Friday Night Lights: The big-screen adaptation of H.G. Bissinger's acclaimed book that vividly depicts a small West Texas town and its single-minded devotion to its high school football team-recently began principal photography on location in the state capital of Austin. Produced by Imagine Entertainment's Academy Award®-winning filmmaker Brian Grazer for Universal Pictures, "Friday Night Lights" is being directed by Peter Berg ("The Rundown") and stars Oscar® winner Billy Bob Thornton. The film is slated for a nationwide release on October 15, 2004.

Set in Odessa, Texas, Friday Night Lights chronicles the 1988 season of Permian High School's legendary Panther football team with players, coaches, mothers, fathers, boosters, fans and families struggling with ongoing personal conflicts while the team fights for a state championship. In depicting the daily grind of coach Gary Gaines' winning team and the potential destinies of its individual players, the story paints a vivid portrait of Odessa (and places like it all across America) where, once a week during the fall, the town and its dreams come alive beneath the dazzling and disorienting Friday night lights ... when the Panthers take to the field. Friday Night Lights illuminates the hopes and dreams of Odessa's townsfolk, who ardently fill Ratliff Stadium's 20,000 seats every Friday night. For the young men of the team, every moment, every play is a chance to transcend their small town and the fleeting fulfillment of a gridiron stardom whose pinnacle may be reached by the time they turn 18.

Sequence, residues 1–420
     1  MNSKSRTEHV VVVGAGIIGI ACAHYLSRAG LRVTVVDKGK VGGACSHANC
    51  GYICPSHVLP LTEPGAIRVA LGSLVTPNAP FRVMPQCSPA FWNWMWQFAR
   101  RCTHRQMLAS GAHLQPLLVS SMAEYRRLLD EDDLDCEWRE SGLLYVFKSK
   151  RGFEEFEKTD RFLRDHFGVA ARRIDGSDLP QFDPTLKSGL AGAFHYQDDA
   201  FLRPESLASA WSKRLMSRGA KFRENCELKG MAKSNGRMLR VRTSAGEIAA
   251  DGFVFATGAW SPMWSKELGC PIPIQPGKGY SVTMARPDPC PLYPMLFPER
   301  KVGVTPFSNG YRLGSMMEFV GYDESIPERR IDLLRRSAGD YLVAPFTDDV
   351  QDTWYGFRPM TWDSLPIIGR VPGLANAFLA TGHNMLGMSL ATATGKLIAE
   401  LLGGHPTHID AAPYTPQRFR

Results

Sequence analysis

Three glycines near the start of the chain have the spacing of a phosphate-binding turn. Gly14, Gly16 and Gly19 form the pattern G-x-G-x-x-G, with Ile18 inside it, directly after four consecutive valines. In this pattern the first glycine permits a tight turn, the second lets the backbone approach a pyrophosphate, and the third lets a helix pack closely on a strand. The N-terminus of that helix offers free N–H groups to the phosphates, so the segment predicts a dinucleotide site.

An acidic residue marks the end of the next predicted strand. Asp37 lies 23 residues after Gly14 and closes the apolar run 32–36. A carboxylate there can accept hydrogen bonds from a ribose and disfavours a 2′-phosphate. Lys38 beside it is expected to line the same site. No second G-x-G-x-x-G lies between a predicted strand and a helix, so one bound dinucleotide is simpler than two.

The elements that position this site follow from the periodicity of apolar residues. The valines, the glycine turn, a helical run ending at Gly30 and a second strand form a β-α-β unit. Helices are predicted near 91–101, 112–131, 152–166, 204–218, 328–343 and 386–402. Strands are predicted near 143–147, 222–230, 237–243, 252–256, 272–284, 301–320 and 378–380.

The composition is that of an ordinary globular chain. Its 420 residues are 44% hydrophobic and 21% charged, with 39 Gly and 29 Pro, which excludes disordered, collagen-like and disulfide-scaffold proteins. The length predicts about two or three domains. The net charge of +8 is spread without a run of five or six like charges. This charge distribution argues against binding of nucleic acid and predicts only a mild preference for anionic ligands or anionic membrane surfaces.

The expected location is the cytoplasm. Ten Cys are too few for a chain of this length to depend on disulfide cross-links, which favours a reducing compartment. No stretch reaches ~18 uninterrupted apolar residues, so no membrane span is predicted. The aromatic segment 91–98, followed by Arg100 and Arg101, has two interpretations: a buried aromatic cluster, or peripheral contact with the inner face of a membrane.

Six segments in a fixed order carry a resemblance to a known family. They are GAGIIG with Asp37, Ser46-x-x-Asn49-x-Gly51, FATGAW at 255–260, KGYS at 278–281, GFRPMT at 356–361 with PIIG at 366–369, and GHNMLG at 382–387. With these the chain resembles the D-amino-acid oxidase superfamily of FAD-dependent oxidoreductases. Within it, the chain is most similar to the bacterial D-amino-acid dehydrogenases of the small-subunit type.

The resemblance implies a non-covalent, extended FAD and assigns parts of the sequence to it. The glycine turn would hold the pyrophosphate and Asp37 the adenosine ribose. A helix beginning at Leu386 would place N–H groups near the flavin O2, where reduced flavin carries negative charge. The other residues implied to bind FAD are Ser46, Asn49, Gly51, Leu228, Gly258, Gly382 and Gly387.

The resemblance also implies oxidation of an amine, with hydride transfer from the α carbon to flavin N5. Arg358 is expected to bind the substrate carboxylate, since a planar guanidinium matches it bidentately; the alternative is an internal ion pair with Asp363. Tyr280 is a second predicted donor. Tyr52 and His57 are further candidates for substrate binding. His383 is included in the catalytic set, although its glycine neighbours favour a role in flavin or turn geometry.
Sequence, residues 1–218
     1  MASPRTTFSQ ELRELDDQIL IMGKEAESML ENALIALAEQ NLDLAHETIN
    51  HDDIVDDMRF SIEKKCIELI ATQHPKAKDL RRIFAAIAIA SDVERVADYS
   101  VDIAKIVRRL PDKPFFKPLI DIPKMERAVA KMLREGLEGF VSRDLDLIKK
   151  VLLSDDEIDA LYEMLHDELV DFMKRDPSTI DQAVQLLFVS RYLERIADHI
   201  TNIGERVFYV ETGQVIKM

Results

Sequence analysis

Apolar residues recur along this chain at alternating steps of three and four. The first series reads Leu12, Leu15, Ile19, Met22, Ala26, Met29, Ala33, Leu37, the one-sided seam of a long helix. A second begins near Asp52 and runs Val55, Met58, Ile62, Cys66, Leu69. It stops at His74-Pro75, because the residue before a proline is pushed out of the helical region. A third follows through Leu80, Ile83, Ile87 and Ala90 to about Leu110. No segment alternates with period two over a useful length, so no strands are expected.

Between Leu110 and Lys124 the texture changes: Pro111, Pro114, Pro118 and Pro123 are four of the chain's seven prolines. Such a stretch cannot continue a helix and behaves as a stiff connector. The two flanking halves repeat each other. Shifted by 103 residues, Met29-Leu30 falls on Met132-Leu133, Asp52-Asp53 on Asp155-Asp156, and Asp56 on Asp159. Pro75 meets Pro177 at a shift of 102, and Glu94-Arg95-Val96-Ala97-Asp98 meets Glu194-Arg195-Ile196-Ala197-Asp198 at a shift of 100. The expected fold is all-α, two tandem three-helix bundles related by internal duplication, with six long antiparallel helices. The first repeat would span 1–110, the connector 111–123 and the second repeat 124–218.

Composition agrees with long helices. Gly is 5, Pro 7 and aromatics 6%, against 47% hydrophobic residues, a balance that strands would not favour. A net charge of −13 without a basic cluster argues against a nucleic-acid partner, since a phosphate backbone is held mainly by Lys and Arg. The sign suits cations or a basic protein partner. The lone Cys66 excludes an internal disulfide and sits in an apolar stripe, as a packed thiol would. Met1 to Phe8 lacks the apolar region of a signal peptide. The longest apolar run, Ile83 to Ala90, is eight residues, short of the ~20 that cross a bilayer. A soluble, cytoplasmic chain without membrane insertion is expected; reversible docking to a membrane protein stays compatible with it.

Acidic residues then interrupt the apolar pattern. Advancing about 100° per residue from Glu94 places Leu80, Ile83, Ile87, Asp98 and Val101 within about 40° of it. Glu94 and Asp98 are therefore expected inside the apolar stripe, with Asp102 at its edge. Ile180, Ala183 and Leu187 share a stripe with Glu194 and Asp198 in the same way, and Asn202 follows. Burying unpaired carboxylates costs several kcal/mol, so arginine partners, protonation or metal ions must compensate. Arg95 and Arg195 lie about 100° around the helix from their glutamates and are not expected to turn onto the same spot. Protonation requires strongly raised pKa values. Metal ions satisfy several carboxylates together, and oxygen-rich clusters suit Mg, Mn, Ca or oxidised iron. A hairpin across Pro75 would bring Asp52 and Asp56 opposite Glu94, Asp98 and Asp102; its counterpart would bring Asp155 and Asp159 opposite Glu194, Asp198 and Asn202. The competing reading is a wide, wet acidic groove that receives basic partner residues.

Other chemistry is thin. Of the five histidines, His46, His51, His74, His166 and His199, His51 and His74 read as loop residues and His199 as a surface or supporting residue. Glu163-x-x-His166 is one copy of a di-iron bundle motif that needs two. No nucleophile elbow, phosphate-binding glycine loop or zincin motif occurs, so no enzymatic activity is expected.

Originally published in 1990, Bissinger's book went on to become a best-seller, has gone through several re-printings (currently in its 10th paperback edition) and was named by "Sports Illustrated" as one of the Top Five books ever written about sports and the Number One book about football. Pulitzer Prize-winning journalist and author Bissinger spent a full year in Odessa after hearing about the locals' allegiance to the Permian Panthers -- long considered one of the greatest high school football programs in Texas. Oscar® winner Grazer has been nurturing the project through development ever since he acquired the film rights to Bissinger's book 13 years ago.

Academy Award®-winner Billy Bob Thornton (Sling Blade, Bad Santa, The Alamo) heads the film's dynamic cast as Gary Gaines, the school's dedicated coach under intense pressure by school officials and Odessa's citizens to capture Permian's fifth state championship in its 30-year history. Grammy-winning country and western recording artist Tim McGraw joins the cast as Charlie Billingsley, the former all-state Panther player who shares a contentious relationship with his son, a boy who cannot live up to his father's expectations on the playing field.